Growing reliance on borrowing mires South Korean households in debt
By Lim Chang-Won, AFPSEOUL -- Lee Sang-kuk delivers meat during the day and drives drunk businessmen home at night, but even with two jobs he and millions of other South Koreans are struggling against a tide of household debt.
February 7, 2013, 11:34 am TWN
Lee's situation is increasingly common in South Korea where total household borrowing hit a record 937.5 trillion won (US$882.7 billion) in September last year, equivalent to more than 70 percent of the country's 2011 GDP.
Laid off from his job in a media company in 2000, Lee opened a restaurant with a bank loan using his home as collateral. Within two years the business had collapsed forcing him to apply for personal bankruptcy.
Lee sold his house to clear the bank loan but then took out a high-interest loan from private lenders to fund the education of his son and daughter.
“Since then, life has been miserable,” said the 59-year-old who confessed to contemplating suicide at one point.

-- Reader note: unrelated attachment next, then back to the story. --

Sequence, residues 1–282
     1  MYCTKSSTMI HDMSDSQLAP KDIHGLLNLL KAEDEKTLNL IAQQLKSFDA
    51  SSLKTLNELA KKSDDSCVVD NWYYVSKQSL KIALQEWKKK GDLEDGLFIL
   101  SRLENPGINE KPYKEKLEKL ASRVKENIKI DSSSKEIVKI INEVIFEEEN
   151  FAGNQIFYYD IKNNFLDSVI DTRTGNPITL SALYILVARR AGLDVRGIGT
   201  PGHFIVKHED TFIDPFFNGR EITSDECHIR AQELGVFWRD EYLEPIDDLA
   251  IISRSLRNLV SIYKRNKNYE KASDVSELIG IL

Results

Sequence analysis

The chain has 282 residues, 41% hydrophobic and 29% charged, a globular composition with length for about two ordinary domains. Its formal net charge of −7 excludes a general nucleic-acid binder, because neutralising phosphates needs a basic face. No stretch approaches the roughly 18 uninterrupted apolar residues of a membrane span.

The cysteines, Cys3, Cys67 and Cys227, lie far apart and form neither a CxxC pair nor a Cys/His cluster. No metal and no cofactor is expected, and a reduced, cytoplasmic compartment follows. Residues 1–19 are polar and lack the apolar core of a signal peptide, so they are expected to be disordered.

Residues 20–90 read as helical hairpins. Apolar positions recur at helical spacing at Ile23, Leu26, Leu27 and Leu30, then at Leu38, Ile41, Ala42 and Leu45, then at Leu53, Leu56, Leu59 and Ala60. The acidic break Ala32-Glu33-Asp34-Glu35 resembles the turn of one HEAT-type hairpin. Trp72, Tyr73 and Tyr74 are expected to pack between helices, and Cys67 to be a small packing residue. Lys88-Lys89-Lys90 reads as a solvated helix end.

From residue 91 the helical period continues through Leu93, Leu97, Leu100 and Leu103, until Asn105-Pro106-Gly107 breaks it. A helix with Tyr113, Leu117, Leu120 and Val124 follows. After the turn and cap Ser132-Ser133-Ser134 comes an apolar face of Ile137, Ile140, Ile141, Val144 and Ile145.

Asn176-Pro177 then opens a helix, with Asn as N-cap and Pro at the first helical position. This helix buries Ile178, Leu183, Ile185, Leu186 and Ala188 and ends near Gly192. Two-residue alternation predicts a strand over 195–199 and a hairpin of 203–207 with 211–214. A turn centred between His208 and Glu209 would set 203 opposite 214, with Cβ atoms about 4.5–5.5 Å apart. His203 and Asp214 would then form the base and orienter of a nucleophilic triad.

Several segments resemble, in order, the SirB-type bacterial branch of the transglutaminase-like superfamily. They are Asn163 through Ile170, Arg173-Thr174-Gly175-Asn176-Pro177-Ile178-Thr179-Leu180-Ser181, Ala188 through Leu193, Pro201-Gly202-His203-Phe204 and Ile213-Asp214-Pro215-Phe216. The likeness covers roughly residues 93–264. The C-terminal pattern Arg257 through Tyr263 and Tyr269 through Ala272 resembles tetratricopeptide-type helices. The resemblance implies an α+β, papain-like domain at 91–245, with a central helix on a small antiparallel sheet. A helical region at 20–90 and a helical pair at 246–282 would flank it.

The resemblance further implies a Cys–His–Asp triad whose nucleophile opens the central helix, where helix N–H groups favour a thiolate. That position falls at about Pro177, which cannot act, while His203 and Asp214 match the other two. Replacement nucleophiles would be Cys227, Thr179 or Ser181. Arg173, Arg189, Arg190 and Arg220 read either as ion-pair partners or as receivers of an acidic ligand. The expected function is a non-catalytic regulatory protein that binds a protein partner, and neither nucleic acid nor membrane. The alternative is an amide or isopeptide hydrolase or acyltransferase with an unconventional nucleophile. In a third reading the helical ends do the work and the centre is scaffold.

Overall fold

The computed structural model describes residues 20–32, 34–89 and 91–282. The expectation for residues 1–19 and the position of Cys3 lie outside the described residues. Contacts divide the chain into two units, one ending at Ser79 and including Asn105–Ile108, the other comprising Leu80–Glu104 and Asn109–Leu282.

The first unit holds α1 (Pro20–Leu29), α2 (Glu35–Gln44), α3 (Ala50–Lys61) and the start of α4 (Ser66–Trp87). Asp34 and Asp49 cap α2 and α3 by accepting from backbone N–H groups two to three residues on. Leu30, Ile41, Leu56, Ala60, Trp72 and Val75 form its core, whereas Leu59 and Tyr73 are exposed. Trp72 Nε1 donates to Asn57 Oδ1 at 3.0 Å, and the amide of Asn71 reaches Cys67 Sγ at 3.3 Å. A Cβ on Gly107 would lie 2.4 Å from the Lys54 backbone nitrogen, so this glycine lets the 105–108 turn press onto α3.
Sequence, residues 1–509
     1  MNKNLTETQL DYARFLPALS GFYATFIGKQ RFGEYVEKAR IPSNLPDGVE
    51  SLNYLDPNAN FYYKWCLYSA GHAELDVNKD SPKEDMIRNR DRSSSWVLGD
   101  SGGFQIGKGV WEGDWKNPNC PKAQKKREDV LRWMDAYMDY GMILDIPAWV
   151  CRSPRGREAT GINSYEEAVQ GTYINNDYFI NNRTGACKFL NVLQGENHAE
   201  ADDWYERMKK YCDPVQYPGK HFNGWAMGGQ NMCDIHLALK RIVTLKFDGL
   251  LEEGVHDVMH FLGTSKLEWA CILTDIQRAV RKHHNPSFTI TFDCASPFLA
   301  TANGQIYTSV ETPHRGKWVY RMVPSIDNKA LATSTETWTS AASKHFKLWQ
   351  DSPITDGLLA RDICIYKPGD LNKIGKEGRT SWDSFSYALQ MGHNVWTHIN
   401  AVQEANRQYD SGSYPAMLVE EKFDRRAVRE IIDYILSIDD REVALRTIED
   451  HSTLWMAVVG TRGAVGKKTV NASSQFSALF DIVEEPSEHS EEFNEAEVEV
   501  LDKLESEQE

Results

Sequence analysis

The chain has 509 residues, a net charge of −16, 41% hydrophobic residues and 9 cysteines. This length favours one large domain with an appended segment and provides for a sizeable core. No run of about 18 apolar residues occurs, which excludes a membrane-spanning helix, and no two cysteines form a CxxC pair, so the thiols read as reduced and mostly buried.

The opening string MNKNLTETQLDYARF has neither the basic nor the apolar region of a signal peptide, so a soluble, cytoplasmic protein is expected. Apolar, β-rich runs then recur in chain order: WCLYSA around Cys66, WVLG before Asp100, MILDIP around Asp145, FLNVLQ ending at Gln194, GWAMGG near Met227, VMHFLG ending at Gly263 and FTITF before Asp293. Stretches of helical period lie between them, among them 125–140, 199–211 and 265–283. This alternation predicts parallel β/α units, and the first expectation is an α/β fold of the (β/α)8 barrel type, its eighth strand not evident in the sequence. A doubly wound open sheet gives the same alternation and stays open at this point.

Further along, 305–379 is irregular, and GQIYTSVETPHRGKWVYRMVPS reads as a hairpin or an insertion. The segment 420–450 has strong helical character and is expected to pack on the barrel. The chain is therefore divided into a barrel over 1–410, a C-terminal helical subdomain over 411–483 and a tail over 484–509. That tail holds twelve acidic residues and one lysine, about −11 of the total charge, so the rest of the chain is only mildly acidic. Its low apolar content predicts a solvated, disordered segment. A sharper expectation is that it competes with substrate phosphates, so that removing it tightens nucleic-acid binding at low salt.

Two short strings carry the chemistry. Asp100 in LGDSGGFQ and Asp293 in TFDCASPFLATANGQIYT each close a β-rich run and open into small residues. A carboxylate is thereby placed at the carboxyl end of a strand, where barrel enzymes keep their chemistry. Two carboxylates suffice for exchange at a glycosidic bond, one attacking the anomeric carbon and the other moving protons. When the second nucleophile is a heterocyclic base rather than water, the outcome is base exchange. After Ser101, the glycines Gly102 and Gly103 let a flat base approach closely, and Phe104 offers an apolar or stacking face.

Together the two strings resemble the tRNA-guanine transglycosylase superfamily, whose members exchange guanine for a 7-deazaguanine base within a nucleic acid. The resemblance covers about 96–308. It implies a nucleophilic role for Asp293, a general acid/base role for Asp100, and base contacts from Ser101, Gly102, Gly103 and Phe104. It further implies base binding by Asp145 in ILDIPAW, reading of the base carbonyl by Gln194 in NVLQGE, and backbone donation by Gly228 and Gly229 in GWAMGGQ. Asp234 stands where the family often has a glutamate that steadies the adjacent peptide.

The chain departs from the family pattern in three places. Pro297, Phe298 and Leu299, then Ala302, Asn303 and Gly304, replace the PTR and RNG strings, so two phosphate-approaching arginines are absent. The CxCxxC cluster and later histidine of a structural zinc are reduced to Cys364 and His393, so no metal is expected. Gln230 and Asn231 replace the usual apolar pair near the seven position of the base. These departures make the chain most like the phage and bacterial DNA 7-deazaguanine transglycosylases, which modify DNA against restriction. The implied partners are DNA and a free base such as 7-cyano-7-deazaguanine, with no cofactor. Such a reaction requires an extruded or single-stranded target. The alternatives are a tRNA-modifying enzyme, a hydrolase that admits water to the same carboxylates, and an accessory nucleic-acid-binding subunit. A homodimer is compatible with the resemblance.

“Everything I earn goes on debt repayment, and my wife works as a housemaid to meet our living expenses,” he told AFP.
Lee's evening job is for an agency which provides emergency drivers, mostly for businessmen who have had too much to drink and need someone to drive them, and their cars, home.
South Korea's household debt mountain has its origins in financial reforms introduced after the 1997 Asian financial crisis that led the country's banks to turn to consumers for asset growth.
A resulting surge in mortgage lending was fuelled by a long streak of low interest rates and a general belief that real estate was a guaranteed investment.
“While U.S. households deleveraged, especially after the subprime mortgage crisis, loan demand for mortgages increased here thanks to rising property prices,” Hyundai Economic Research Institute analyst Lee Jun-hyup said.